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IRS.gov Website
Publication 523
taxmap/pubs/p523-003.htm#en_us_publink100011707

How Much Is Taxable(p14)

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If you do qualify for an exclusion on your home sale, it is possible that all of your gain will be tax-free. However, some of it may be taxable, particularly if you sold your home at a significant profit or if you only qualify for reduced benefits. This section contains step-by-step instructions for figuring out how much of your gain is taxable. See How to Figure Your Taxable Gain or Loss Worksheet, later, for assistance in determining your taxable gain.
If you determined in Does Your Home Sale Qualify for Maximum Exclusion, earlier, that your home sale doesn't qualify for any exclusion (either full or partial), then your entire gain is taxable. If you do not have a gain, you owe no tax on the sale. In either case, you do not need to work through the How to Figure Your Taxable Gain or Loss Worksheet and you can skip to Reporting Your Home Sale, later.
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How to Figure Your Taxable Gain or Loss Worksheet

If you completed "Business" and "Home" versions of your gain/loss worksheet as described in Business or Rental Use of Home, earlier, complete a version of the following worksheet for each, keeping in mind these additional points.
  • When the worksheet below talks about "your home," this means only the part of the property that you're covering in that worksheet, whether it is the "Home" worksheet or the "Business or Rental" worksheet.
  • Figure your tax benefit limit on the whole property and then divide it between Home and Business based on the residence portion and business portion percentages you calculated earlier.


1.Start.
 a.Enter your gain from line 7c, under How to Figure Your Gain or Loss Worksheet, earlier a.
2.Read the following tests carefully.
  
  • First test: You did not use any part of your home for business or rental after May 6, 1997.
  • Second test: You, your spouse, or your former spouse used your home as a main residence continuously from January 1, 2009 until the date of sale—or if that is not the case, one of these situations applies;
    1. You had moved out permanently and did not live in your home again before it was sold.
    2. You had a change in employment, a health condition, or other "unforeseen circumstance" described in Does Your Home Qualify—Details and Exceptions, earlier, and you moved out of your home for not more than 2 years in total.
    3. You or your spouse qualifies for the "stop the clock" exception for certain military, intelligence, and Peace Corps personnel described in Service, Intelligence, and Peace Corps Personnel, earlier.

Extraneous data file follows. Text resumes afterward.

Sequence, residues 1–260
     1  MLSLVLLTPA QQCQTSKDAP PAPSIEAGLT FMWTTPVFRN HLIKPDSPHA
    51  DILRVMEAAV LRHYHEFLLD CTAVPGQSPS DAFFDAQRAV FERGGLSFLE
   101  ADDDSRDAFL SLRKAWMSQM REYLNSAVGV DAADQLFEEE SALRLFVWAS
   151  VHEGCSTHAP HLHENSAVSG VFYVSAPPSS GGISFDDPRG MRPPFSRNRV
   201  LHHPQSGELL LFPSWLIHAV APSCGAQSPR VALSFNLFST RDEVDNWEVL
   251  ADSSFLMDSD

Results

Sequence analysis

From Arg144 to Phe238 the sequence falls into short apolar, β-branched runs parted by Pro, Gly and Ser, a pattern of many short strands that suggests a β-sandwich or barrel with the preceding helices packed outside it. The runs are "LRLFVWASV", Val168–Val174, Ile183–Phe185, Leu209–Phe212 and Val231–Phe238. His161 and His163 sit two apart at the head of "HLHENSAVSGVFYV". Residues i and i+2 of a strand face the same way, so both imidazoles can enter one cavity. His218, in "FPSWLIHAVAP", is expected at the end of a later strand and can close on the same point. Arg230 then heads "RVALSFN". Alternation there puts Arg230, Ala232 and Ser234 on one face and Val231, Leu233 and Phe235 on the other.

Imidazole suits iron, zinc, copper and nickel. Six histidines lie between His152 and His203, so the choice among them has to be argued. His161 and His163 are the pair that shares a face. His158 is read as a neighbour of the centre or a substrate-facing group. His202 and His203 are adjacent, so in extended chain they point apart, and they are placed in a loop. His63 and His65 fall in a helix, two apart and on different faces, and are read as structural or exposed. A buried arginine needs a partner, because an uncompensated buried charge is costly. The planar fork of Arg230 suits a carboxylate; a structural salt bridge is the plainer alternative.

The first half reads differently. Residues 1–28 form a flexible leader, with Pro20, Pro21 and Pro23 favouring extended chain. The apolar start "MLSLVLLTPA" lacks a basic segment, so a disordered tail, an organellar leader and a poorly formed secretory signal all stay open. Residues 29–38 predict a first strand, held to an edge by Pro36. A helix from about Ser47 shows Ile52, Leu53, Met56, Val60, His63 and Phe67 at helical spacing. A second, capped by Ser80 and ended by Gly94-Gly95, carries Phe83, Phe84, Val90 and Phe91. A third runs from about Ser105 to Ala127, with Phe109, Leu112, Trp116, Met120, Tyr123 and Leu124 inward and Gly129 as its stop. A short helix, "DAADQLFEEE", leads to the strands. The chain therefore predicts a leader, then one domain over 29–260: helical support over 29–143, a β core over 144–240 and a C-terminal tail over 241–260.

If you do not meet BOTH tests, continue to line 3.   
  If you do meet BOTH tests, skip to line 4.   
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How to Figure Your Taxable Gain or Loss Worksheet—Continued pg 2

3.Determine any taxable gain.
a.Because you did not meet both tests in line 2, read the following tests carefully. Part of your gain is not eligible for exclusion.
  • Did you qualify for depreciation? If you used all or part of your home for business or rental between May 6, 1997 and the date of sale, total all the depreciation deductions you could have taken because of that use, whether or not you took them. If you have good records to show the IRS did not allow you to take that much depreciation, total the amount you were actually allowed to take. Keep in mind depreciation related to business or rental use of your home before May 6, 1997 doesn't count.
 
Your total depreciationa.
b.Subtract line 3a from line 1a. If the result is less than zero, enter -0-b.
c.Did you have non-residence gain? If there were times after 2008 when neither you nor your spouse (or a former spouse) used your home as a main residence, do the following calculation:  
 (1) Enter the total number of days after 2008 when neither you nor your spouse (or former spouse) used the home as a main residence. This is the non-use days
 (2) Enter the total number of days you owned your home (counting all days, not just days after 2008). This is the days owned 
 (3) Divide the non-use days by the days owned. Calculate to 3 decimal places. This is your non-residence factor 
 Multiply line 3b by your non-residence factor. This is your non-residence gainc.
 For example, if you owned your home for 10 years (3,650 days), did not use it as your main residence for 500 days after 2008, and had a $20,000 gain, your calculation would look like this.
  • Calculation of non-residence factor: 500 ÷ 3,650 = 0.137
  • Calculation of non-residence gain: $20,000 × 0.137 = $2,740
 
d.Add your total depreciation (line 3a) to your non-residence gain (line 3c). You might have one but not the other. See also Recapturing Depreciation.
This is your ineligible gaind.
4.Determine gain eligible for exclusion.
a.Enter your gain (from line 3b) a.